Journaling

journal
For years and years I used to keep a journal, and I don’t really know why I stopped. I thought that moving to a new place, on my own, would be a good reason to start it up again. The first weekend I was in Edinburgh, I traipsed every stationery shop I could find for the perfect A5, page-marked, hardback journal (what can I say, I’m fussy when it comes to notebooks!) Predictably, Paperchase came up trumps with this beauty (it’s also available in blue and pink). This one was a very close second, its a far more electric blue in real life, but I was won over by the purple in the end.

On Pinterest, my filofax/notebooks board is split between filofax planning ideas, and gorgeous journal pages, like this, and this. I’m not really artistic enough for art journaling, even though I think it can look beautiful.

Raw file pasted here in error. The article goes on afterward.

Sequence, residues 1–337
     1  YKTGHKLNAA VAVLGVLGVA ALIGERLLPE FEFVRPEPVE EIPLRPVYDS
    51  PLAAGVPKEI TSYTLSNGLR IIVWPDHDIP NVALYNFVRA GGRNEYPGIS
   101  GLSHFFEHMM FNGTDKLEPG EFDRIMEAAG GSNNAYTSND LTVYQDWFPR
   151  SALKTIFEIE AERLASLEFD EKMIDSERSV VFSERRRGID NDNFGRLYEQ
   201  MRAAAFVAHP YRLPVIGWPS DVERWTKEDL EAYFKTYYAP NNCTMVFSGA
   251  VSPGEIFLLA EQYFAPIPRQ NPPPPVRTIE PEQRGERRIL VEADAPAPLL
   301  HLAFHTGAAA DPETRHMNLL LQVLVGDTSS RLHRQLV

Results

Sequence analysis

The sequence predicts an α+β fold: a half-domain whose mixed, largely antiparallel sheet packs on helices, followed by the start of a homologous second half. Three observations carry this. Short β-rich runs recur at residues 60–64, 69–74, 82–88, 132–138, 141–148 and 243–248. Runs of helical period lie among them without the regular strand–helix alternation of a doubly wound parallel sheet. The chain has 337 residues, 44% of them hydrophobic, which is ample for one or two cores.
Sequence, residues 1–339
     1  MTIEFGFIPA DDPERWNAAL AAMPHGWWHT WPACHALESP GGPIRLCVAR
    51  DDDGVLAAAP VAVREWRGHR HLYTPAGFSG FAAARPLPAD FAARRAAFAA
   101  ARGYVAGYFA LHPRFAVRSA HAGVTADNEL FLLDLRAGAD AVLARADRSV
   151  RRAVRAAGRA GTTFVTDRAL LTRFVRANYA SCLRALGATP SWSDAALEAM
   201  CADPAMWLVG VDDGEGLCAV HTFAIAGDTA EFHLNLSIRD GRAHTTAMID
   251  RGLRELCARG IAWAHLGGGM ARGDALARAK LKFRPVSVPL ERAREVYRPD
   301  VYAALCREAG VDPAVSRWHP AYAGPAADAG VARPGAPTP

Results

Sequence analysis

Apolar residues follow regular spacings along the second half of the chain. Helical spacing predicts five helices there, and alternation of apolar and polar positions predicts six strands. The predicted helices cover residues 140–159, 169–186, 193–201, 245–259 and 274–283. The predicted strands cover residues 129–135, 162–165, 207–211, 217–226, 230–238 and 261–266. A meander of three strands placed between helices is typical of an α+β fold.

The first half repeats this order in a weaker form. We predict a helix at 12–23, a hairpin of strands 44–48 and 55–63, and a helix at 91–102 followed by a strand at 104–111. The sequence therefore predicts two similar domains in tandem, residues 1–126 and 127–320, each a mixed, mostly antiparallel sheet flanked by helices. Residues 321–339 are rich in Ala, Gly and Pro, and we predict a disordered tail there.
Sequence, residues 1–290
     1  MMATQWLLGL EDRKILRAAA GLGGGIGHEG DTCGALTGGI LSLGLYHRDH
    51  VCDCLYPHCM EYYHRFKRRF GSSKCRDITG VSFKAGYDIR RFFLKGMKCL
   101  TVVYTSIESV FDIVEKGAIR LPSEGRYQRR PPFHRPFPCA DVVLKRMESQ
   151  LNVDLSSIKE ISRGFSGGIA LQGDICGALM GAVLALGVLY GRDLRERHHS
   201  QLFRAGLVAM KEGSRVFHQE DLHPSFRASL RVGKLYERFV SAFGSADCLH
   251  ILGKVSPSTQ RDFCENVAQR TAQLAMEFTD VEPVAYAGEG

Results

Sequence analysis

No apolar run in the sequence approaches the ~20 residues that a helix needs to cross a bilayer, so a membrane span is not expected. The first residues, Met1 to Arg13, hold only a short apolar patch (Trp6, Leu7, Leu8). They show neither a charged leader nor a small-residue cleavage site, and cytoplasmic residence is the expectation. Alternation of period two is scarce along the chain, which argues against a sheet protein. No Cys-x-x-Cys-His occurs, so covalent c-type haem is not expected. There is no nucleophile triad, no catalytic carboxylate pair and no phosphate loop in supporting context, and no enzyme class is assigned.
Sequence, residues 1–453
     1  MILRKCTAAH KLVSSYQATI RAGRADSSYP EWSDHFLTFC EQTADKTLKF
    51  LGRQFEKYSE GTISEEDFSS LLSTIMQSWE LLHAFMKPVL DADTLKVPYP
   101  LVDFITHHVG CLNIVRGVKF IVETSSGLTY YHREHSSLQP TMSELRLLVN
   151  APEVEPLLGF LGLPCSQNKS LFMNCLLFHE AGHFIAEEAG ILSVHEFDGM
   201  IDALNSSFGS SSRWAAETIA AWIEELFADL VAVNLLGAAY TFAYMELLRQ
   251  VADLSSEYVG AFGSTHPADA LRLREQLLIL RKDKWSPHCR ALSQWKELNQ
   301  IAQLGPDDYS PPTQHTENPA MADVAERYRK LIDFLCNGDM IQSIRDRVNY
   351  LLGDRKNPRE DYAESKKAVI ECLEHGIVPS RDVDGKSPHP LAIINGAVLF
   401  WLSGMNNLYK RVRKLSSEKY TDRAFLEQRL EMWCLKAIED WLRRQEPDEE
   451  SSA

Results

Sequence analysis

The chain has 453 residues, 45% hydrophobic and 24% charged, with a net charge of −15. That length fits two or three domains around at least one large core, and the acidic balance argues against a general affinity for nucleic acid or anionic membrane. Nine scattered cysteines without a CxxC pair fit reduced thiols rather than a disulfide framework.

It’s pretty well documented that keeping a journal is good for you, and I totally agree – I tend to keep stuff inside my head, and think about it over and over until it drives me crazy, unless I write it all down. That way, I can go back and look at it later, and think “what was I even worrying about?!” It’s much easier to let things go when they aren’t occupying your mind every spare second you have.

I love this article from the Guardian

It’s an inescapable fact that some of the most thoroughly evidence-backed techniques for enhancing one’s mood are also the most excruciatingly embarrassing โ€“ the sorts of things that those of us who imagine ourselves to be rational, sceptical types would never dream of confessing to … For me, the most vivid example is keeping a gratitude journal. On the one hand, it really helps. On the other hand โ€“ well, come on. It’s keeping a gratitude journal.

So true. Haha.

Do you keep a journal or a diary?

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